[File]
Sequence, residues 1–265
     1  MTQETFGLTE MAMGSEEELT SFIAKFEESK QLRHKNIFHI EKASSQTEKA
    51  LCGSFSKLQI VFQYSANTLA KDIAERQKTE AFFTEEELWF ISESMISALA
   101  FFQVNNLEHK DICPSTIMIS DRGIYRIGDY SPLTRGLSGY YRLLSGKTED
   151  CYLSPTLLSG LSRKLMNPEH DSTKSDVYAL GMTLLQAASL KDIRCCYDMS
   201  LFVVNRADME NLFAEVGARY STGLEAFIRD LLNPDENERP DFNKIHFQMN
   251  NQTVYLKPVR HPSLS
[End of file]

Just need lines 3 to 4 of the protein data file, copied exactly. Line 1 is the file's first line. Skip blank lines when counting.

    51  LCGSFSKLQI VFQYSANTLA KDIAERQKTE AFFTEEELWF ISESMISALA
   101  FFQVNNLEHK DICPSTIMIS DRGIYRIGDY SPLTRGLSGY YRLLSGKTED